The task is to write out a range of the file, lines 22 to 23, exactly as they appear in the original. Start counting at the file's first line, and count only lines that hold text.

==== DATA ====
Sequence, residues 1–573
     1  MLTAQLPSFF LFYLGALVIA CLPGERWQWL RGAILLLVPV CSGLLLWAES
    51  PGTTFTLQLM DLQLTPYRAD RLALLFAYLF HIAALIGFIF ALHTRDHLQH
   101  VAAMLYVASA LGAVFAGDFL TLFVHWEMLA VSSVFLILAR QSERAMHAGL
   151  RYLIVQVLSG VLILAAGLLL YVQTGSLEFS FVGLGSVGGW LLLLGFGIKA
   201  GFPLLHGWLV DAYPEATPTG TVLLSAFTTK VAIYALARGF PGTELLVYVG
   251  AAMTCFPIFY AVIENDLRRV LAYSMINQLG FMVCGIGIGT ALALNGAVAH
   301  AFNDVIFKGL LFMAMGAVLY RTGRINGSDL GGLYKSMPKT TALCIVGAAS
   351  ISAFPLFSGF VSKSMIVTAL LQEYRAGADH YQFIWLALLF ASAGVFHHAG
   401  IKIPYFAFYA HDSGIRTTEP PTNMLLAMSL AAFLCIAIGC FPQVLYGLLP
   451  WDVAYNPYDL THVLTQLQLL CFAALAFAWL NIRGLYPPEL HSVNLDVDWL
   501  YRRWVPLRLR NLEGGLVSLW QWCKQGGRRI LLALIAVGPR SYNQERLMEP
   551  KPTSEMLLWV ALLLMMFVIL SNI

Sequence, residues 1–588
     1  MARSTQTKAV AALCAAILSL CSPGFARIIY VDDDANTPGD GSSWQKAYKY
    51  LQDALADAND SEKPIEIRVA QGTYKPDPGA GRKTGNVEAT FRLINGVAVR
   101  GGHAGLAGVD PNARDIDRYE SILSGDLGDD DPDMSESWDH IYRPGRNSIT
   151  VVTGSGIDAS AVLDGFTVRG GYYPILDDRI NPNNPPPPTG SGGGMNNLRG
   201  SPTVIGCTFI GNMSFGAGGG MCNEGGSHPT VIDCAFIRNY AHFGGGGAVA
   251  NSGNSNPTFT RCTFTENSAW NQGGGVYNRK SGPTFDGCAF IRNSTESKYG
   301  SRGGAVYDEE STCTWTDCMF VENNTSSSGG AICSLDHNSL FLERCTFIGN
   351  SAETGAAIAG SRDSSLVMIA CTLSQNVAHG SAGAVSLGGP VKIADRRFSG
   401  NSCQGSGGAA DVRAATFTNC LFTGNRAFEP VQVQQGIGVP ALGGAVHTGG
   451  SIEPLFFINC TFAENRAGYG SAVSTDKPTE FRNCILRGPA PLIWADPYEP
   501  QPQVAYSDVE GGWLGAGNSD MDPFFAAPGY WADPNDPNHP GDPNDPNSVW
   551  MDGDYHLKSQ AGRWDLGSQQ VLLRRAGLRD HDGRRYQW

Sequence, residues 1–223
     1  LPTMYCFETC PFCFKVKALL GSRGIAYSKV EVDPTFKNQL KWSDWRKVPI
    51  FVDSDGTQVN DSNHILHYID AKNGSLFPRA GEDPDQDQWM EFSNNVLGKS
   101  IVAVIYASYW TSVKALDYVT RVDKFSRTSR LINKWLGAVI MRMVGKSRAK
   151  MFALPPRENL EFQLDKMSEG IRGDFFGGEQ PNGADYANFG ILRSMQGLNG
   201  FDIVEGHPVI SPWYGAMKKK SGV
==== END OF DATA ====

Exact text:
   351  SAETGAAIAG SRDSSLVMIA CTLSQNVAHG SAGAVSLGGP VKIADRRFSG
   401  NSCQGSGGAA DVRAATFTNC LFTGNRAFEP VQVQQGIGVP ALGGAVHTGG